20% of Android apps can get personal data?

Backnblack

Premium Member
Premium Member
Joined
Nov 18, 2009
Messages
11,105
Reaction score
27
Current Phone Model
iPhone 7+ 256gb
I'm not worried at all....
 

taeratrin

Member
Joined
Mar 17, 2010
Messages
32
Reaction score
0
Just as with a computer, don't go out and install everything because you can. Also, reading reviews and paying attention to what the installer says the program is going to access helps to protect you. Why would a flashlight app need to access your call logs?
 

Darkseider

Senior Member
Joined
Mar 12, 2010
Messages
1,862
Reaction score
0
This report coming from a company wanting to sell you anti-spyware and ant-malware? LOL! Nothing like pushing FUD down peoples throats to sell your products on a device.

SMobile, Mobile Security Software for smartphones and other mobile devices. Exclusive BlackBerry Antivirus Provider

The purveyors of FUD and snake oil. Gotta love it! Instill some fear and doubt and sell your crapware to the masses. Business as usual. What makes me laugh even more is that Computer World is even covering this as a story. It should be calling them out for trying to drum up business by preying on consumers fear. What a joke of a report and an even bigger joke by Computer World for reporting this as a news story.

Not to mention that the ass clown of a blogger that wrote this heap of crap is a self proclaimed "Apple Holic" if you look at his description. Seriously this is crap to the nTH degree.
 

takeshi

Silver Member
Joined
Nov 29, 2009
Messages
4,573
Reaction score
0
I don't install much, but now I wonder about some of the apps I do have...
You should have been wondering at install time when the warnings popped up.

Also, as always, consider the source of the article.
 

Darkseider

Senior Member
Joined
Mar 12, 2010
Messages
1,862
Reaction score
0
For $29.95 a year SMobile can offer our services to protect you! Read the scary report and buy our product or your Android phone will kidnap your puppy and text your momma the ransom demands! What a joke. This is what it has come down to? I already sent SMobile a nasty gram being more or less my sledge hammer self.
 

jroc

Silver Member
Joined
Apr 9, 2010
Messages
3,843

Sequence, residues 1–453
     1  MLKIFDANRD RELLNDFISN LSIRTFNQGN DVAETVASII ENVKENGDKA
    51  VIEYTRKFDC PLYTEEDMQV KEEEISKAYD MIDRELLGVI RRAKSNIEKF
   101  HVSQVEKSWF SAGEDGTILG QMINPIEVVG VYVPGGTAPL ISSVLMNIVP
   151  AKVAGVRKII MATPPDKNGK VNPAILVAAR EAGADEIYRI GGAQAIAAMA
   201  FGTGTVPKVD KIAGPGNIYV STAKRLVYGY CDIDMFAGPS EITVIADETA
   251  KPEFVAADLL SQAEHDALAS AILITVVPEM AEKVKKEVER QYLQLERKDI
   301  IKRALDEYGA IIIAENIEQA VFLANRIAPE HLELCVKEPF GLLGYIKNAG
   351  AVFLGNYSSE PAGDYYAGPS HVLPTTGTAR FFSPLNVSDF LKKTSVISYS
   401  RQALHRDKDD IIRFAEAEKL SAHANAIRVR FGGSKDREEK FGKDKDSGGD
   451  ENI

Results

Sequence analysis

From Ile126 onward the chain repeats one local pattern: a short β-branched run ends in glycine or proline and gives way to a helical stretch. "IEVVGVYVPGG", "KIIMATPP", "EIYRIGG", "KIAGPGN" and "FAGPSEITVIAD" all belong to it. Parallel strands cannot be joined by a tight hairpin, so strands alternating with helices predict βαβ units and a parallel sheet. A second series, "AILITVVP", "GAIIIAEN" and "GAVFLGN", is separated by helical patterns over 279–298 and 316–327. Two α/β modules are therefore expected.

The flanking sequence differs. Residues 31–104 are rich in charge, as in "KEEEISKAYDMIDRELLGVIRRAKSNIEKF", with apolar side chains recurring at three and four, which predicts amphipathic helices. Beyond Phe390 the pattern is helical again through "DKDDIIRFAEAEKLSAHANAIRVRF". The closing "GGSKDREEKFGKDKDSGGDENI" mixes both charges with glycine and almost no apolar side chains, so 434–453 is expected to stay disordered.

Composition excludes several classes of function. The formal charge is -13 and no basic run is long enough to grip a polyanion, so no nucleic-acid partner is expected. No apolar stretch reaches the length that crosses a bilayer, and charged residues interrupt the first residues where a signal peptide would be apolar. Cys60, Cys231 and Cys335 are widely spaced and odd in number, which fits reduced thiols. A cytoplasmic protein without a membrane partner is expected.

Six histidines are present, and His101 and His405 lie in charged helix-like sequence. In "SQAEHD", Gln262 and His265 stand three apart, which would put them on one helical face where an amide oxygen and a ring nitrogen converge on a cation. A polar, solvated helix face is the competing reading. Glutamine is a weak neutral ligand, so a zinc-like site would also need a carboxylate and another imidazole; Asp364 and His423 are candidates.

Reaction score
62
Location
Washington DC
This report coming from a company wanting to sell you anti-spyware and ant-malware? LOL! Nothing like pushing FUD down peoples throats to sell your products on a device.

SMobile, Mobile Security Software for smartphones and other mobile devices. Exclusive BlackBerry Antivirus Provider

The purveyors of FUD and snake oil. Gotta love it! Instill some fear and doubt and sell your crapware to the masses. Business as usual. What makes me laugh even more is that Computer World is even covering this as a story. It should be calling them out for trying to drum up business by preying on consumers fear. What a joke of a report and an even bigger joke by Computer World for reporting this as a news story.

Not to mention that the ass clown of a blogger that wrote this heap of crap is a self proclaimed "Apple Holic" if you look at his description
. Seriously this is crap to the nTH degree.

Yea, I'm kinda surprised at Computer World too...It is the blogs tho. I dont think I would see this in the print edition. I hope I wouldnt...

I guess u could say the same about Linux desktop OS too huh....but dont u need root access for any app to do any harm? I'm new to Android so I dont really know.

Just as with a computer, don't go out and install everything because you can. Also, reading reviews and paying attention to what the installer says the program is going to access helps to protect you. Why would a flashlight app need to access your call logs?

I second this.
 

jsh1120

Silver Member
Joined
Dec 9, 2009
Messages
2,405
Reaction score
1
Location
Seattle, Washington
I agree. It's a sad piece of tabloid "journalism" (?). Unfortunately, it's a ridiculous article about a real issue. The problem is not that a hacker might send text messages from your Verizon account. Even if it's possible, it's an insignificant problem.

A much more significant problem is voluntarily turning over information to a third party under the guise of "signing up" for a service associated with an application.
 
Top